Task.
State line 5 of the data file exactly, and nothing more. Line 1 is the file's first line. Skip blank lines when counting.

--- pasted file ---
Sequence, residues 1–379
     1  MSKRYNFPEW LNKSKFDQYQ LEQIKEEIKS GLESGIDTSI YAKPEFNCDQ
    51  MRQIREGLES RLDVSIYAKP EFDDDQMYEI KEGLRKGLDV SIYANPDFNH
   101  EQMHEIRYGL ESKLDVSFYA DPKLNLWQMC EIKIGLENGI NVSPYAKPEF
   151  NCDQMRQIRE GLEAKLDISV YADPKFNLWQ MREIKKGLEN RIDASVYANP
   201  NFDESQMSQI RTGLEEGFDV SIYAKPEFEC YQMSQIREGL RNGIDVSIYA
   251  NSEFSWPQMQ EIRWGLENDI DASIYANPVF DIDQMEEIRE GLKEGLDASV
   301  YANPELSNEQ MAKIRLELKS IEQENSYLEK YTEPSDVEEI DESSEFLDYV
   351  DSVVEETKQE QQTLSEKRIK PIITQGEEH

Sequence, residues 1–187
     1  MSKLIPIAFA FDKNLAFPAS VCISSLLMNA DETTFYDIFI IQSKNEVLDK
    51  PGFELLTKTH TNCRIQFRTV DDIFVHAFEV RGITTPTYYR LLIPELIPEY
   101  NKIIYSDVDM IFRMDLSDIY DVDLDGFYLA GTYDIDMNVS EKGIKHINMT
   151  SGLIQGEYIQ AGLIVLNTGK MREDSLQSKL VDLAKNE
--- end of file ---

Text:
   151  NCDQMRQIRE GLEAKLDISV YADPKFNLWQ MREIKKGLEN RIDASVYANP